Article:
In 70 C.E. Roman legions destroyed the Jerusalem Temple, Judaism’s holiest structure and the “dwelling place of God’s name.” Despite this loss, Judaism was to survive and prosper. In the following centuries, the synagogue itself came to be seen as a “holy place.”
Does this mean, as some people suppose, that the synagogue as we know it developed after the destruction of the Temple and was, in fact, its replacement? Not exactly. Communal meeting places that we can recognize as synagogues existed while the Temple still stood, at least by the mid-first century B.C.E. The second part of the question—Did the synagogue replace the Temple?—is not so easily answered.
The origins of the synagogue are shrouded in mystery, and scholarly opinions as to its beginnings vary. Some scholars trace its development to the First Temple period, others to the Exile in Babylonia, and still others (including the author) to the latter Second Temple period in Palestine. Virtually all scholars recognize that the synagogue was a well-developed institution at least a century before the Romans destroyed the Temple. Synagogues in the Land of Israel are mentioned by the Jewish philosopher, exegete and communal leader Philo of Alexandria (c. 20 B.C.E.-40 C.E.); by the first-century C.E. Jewish historian Flavius Josephus; in the New Testament; and in rabbinic literature.
Archaeology provides additional evidence for the early dating of the origins of the synagogue. In 1913–1914, the French archaeologist Raymond Weill, exploring just south of the Temple Mount, found an ancient water cistern from which he recovered a Greek inscription describing the life of 019a synagogue community in the holy city while the Temple still stood:
Theodotus, son of Vettenos the priest and synagogue leader (archisynagogos), son of a synagogue leader and grandson of a synagogue leader, built the synagogue for the reading of the Law (Torah) and studying of the commandments, and as a hostel with chambers and water installations to provide for the needs of itinerants from abroad, which his fathers, the elders and Simonides founded.1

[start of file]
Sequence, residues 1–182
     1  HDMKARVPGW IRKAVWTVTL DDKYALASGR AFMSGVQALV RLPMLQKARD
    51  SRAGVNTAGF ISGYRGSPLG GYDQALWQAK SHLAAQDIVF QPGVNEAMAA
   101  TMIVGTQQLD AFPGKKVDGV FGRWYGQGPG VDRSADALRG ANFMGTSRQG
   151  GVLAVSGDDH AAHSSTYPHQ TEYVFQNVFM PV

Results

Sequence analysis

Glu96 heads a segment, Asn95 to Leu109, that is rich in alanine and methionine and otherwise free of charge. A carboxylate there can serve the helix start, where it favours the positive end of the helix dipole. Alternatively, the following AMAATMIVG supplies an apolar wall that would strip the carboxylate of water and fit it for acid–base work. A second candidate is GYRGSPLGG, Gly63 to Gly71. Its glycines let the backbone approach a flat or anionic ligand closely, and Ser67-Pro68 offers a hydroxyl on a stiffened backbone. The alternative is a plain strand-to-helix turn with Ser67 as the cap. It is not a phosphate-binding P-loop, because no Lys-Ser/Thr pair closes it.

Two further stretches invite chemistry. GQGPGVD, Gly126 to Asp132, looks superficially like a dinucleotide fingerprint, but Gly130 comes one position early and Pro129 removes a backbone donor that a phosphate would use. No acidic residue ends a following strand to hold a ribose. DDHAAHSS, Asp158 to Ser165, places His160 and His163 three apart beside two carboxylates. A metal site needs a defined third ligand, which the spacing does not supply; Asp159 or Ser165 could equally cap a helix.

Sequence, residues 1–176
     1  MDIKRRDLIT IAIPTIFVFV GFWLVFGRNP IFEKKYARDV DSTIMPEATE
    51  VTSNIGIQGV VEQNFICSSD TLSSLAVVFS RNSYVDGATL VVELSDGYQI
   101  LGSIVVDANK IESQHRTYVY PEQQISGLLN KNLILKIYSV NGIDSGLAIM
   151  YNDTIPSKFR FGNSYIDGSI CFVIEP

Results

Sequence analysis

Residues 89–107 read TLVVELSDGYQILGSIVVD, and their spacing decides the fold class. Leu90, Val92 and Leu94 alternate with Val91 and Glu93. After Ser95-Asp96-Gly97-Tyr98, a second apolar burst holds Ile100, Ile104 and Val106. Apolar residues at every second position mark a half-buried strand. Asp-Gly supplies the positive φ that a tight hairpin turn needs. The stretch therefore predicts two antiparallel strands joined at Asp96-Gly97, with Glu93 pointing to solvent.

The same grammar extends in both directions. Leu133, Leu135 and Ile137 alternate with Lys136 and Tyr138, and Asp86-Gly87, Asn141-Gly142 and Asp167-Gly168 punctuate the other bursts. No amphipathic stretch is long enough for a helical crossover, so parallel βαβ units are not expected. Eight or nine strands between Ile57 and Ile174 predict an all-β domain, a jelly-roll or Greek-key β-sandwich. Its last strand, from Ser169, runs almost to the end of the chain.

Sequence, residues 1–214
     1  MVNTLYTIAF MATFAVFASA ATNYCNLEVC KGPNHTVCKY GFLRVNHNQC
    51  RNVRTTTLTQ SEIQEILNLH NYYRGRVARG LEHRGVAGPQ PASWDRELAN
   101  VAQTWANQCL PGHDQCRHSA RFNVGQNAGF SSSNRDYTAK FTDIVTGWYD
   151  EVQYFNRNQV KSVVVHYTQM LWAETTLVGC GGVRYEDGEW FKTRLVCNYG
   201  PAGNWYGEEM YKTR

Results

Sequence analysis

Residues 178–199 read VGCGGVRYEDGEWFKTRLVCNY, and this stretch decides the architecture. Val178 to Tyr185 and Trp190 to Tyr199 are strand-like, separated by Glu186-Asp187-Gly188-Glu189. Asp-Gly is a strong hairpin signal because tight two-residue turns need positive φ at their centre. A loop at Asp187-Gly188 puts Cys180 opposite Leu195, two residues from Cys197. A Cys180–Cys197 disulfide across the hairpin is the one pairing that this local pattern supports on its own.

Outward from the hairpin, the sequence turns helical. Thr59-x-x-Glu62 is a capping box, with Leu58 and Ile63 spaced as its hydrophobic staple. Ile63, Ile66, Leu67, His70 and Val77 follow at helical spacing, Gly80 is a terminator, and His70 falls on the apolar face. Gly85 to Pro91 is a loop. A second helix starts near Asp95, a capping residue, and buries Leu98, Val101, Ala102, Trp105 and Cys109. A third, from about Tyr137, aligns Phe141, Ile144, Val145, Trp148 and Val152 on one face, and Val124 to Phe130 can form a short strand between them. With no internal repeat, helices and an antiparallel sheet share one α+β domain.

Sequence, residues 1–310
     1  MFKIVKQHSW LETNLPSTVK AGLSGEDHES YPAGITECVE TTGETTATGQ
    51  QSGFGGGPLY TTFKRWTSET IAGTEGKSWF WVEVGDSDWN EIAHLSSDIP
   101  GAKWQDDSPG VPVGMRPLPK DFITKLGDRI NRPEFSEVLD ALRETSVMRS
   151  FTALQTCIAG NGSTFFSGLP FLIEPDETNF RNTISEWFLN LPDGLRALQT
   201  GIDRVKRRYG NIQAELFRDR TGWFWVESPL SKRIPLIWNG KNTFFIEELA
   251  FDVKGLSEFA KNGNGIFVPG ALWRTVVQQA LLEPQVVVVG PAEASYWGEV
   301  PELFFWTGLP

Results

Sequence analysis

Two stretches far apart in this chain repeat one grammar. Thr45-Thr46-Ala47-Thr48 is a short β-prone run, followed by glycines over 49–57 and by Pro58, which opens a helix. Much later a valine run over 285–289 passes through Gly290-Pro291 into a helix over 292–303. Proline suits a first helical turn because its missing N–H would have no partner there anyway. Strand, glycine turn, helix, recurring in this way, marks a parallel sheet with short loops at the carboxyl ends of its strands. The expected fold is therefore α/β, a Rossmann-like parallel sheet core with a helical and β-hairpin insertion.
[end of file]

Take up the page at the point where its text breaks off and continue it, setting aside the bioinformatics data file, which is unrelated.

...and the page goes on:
For the Greek-speaking Jews who frequented this Jerusalem synagogue during the late first century B.C.E. or the first century C.E., it was a place where they could experience religion in a way very different from, yet complimentary to, what was available to them in the Temple.
Let’s imagine what it was like to make a pilgrimage to the Temple. To enter the Jerusalem Temple a Jewish pilgrim would have had to purify him- or herself through immersion in a ritual bath (miqveh)—perhaps even in the “water installations” mentioned in the Theodotus inscription. Together with Jews from as far away as Spain, the Black Sea region and Persia, our pilgrim would have ascended to the great Temple of Herod, a short walk to the north, to participate in the public sacrifice and pageantry that were the hallmark of the Temple. Our pilgrim would have been a participant-observer in the Temple service. The rituals of the Temple were carried out by the priests and the Levites.
The religious experience of the synagogue was quite different. In Hebrew, the synagogue is called a 020beth ha-knesset, literally “house of assembly.” The Greek sunagoge means much the same thing. In Theodotus’s synagogue, located in the shadow of the Temple, the assembled community would have read Scripture and studied the commandments. As in synagogues scattered throughout Israel and the Diaspora during this period, the central cultic activity in this Jerusalem synagogue was the reading and study of Scripture called ho nomos, “the Law” in the Greek of our inscription. At Masada, a desert fortress destroyed shortly after the Temple, biblical scrolls were found in close proximity to the synagogue—suggesting that the reading of Scripture was an important feature of synagogue activity. Philo’s description of the synagogues in Alexandria provides an insightful parallel to the Theodotus inscription: “You sit in your groups [conventicles] and assemble your regular company and read in security your holy books, expounding any obscure point and in leisurely comfort discussing at length your ancestral philosophy.”2
An early rabbinic text reflects on how easily a Second Temple period Jew, such as our pilgrim, could move from Temple to synagogue and back again. This text describes the festival of Sukkot (Tabernacles), when the ceremony of the Water Drawing was performed at the Temple:
Said Rabbi Joshua son of Hananiah: All the days of the celebration of the Water Drawing we never saw a moment of sleep. We would arise in time for the morning daily whole-offering [in the Temple].
From there we would go to the synagogue,
From there to the additional [mussaf]
offering [in the Temple],
From there to eating and drinking,
From there to the study house,
From there to the Temple for the whole sacrifice at dusk,
From there to the celebration of the Water Drawing.3
Interestingly, Second Temple period sources do not mention synagogues as places of prayer. This might come as a surprise to many who are accustomed to a modern synagogue. Evidently, either prayer did not take place in synagogues at this time or the role of prayer in synagogue life was dwarfed by the study of Scripture.